Industry analysts have been predicting the demise of PHP for years. But PHP continues to rank high in various programming language popularity indexes and it is used by almost eight out of 10 websites, powering a significant portion of the internet, from Wikipedia to content management applications like WordPress and Drupal, which have been deployed millions of times.
PHP offers an easy-to-understand programming model for web developers. It makes iterative development and debugging simple, yielding a big productivity boost. Historically, though, PHP has gotten a bad reputation for slow performance and security issues, leading to questions about its future as a programming language.
With Sentry Performance Monitoring for PHP, developers can now quickly discover performance issues with their PHP-based applications. Within minutes, they can trace issues back to a poor-performing API call or slow database query and surface trends to help them proactively prevent future performance issues, saving time and reducing costs.
Distributed tracing for PHP applications
PHP applications consist of interconnected components, such as the front end (single-page application), back end (REST API), task queue, database server, and cron job scheduler. Each can be instrumented to capture error data or crash reports, but that doesn’t provide developers with the full picture, as each piece is analyzed separately. With Sentry Performance Monitoring for PHP, distributed tracing allows developers to tie all of the data together to gain clearer insights into which services may be having a negative impact on the application’s overall performance.
A distributed trace represents the record of the entire operation that is measured or tracked, such as page load time, or an instance of a user completing some action in the application, or a cron job in the back end. And each trace consists of one or more tree-like structures called transactions, the nodes of which are called spans. In most cases, each transaction represents a single instance of a service being called, and each span within that transaction represents that service performing a single unit of work, whether that is calling a function within that service or making a call to a different service. Here’s an example trace, broken down into transactions and spans:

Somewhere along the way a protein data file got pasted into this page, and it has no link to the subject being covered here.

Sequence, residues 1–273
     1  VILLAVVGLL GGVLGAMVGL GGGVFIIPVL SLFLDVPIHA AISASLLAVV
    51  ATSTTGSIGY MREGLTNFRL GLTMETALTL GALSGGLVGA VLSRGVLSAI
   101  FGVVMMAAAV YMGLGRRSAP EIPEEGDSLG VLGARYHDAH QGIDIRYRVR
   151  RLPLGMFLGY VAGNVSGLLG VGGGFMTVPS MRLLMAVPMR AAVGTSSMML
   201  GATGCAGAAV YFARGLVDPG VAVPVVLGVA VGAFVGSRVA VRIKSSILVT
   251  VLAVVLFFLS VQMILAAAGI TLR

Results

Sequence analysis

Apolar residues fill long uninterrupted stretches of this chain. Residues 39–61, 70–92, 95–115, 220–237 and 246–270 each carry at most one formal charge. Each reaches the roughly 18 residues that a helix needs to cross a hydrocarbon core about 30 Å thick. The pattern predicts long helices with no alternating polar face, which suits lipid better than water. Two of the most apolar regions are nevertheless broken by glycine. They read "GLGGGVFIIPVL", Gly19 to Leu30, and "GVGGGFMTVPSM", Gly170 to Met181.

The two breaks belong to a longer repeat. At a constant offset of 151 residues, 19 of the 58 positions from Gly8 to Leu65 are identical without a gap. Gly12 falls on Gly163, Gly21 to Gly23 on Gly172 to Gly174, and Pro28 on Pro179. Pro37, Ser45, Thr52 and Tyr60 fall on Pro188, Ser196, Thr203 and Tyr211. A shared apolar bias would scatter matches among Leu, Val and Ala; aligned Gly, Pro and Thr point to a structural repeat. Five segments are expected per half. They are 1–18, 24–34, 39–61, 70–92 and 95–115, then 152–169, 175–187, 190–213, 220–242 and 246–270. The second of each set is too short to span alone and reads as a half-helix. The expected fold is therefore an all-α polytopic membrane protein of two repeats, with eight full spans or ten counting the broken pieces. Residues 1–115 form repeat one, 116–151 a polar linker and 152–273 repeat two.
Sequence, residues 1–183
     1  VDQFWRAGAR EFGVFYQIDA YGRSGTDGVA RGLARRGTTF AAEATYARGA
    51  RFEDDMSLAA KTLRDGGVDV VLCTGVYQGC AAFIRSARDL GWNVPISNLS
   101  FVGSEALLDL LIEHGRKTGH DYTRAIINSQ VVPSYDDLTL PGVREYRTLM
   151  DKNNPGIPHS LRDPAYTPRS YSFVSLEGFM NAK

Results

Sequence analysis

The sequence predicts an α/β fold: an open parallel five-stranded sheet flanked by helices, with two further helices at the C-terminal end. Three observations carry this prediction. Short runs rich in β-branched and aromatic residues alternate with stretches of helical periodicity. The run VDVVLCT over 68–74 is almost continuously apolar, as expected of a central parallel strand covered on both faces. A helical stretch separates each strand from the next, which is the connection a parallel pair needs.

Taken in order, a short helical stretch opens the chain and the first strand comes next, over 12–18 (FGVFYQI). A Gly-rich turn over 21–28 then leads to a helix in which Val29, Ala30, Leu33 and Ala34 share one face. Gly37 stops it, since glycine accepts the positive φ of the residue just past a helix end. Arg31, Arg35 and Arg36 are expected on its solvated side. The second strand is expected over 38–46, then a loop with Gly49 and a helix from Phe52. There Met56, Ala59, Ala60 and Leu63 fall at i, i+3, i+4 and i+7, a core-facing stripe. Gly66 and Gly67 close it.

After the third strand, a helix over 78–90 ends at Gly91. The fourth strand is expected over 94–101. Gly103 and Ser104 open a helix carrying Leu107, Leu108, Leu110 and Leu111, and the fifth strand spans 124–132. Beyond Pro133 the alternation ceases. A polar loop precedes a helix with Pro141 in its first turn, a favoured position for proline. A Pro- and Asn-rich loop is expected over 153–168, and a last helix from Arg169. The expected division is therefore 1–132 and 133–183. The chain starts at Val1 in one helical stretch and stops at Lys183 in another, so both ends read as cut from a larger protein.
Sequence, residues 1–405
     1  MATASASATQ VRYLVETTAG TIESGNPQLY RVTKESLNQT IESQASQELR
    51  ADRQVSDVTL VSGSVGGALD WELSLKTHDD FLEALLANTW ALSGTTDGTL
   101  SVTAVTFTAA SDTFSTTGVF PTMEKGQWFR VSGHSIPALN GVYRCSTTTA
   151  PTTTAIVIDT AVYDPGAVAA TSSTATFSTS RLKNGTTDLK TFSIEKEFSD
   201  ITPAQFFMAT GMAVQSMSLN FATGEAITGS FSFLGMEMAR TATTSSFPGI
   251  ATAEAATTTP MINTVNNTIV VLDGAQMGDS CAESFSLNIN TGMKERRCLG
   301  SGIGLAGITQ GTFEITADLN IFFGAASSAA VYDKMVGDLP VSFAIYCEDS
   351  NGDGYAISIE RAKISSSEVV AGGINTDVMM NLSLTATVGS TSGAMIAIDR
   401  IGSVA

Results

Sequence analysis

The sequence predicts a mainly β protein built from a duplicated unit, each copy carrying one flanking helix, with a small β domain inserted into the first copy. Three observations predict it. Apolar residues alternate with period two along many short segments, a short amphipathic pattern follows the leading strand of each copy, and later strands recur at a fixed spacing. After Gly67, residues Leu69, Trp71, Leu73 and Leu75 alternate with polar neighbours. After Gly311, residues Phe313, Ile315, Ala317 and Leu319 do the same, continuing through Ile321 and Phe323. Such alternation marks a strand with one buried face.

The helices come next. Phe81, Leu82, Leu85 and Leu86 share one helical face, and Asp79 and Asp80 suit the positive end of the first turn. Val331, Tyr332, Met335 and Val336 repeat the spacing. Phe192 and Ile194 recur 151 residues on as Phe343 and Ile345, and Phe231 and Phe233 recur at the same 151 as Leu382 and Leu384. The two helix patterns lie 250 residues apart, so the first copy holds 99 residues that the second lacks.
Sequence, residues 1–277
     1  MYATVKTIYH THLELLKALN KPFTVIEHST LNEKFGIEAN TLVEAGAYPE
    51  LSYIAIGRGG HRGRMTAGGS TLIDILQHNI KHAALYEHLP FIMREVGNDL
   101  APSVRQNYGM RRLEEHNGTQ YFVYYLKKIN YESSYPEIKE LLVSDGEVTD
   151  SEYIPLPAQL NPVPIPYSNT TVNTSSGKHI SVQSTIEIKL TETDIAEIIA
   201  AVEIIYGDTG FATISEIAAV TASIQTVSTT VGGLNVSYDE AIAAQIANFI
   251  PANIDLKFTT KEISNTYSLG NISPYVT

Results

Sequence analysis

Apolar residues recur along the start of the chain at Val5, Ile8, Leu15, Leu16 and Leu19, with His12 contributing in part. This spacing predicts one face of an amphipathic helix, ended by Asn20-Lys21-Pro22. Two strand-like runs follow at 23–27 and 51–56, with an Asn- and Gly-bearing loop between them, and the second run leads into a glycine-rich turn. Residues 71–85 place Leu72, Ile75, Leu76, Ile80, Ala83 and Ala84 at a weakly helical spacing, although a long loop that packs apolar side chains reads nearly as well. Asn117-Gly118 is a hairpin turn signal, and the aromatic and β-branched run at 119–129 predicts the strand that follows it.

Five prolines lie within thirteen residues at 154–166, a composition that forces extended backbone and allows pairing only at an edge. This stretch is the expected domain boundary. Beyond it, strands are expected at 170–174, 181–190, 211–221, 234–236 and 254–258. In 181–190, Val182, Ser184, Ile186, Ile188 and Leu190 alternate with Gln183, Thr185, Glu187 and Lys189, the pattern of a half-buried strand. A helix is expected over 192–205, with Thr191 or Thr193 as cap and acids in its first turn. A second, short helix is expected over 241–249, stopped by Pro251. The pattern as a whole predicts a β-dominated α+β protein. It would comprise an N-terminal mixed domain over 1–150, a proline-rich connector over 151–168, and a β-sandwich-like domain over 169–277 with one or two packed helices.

Because a transaction has a tree structure, top-level spans can be broken down into smaller spans, mirroring the way that one function may call a number of other, smaller functions. This is expressed using the parent-child metaphor, so that every span may be the parent span to multiple child spans. Here’s a zoomed-in view of one of the transactions from the diagram above:
Real-time metrics for PHP applications
By identifying useful thresholds to measure PHP applications, developers can more easily identify when errors occur or if performance issues are emerging. With Sentry Performance Monitoring for PHP, real-time metrics enable developers to quickly understand customer satisfaction based on the application’s response time to their interactions. Let’s take a look at some of those metrics:
- Apdex: Apdex is an industry-standard metric used to track and measure user satisfaction based on application response times. It provides a standard for developers to compare transaction performance, understand which transactions may require additional optimization or investigation, and set targets or goals for performance.
- Failure rate: indicates the percentage of unsuccessful transactions.
- Throughput data: indicates the number of transactions over a given time range, average transactions per minute, or average transactions per second.
- Latency: indicates the average response time for all occurrences of a given transaction.
- Frequency: aggregate transaction counts and the rate at which transactions are recorded.
- User misery: a user-weighted performance metric to assess the relative magnitude of an application’s performance.
Now that developers are able to trace the exact issues causing performance bottlenecks in PHP applications, let’s look at five common mistakes developers make when creating PHP applications and how they can solve them.
Mistake #1: Making too many database queries
PHP runs into the same kind of constraints that developers would have with other languages, such as too many database queries. Developers aren’t database experts. Most are not well-versed in all the nuances of the database they’re using. Oftentimes, they’re not using their database access layer optimally so they end up doing too many database queries or generating database queries that don’t use indexes.
Databases also perform differently under different load types. A database running on a laptop with tens of megabytes of memory behaves differently than a production database with a gigabyte as different strategies are used to select which data to look at. Queries that worked on a developer’s local machine or staging environment can perform differently in production.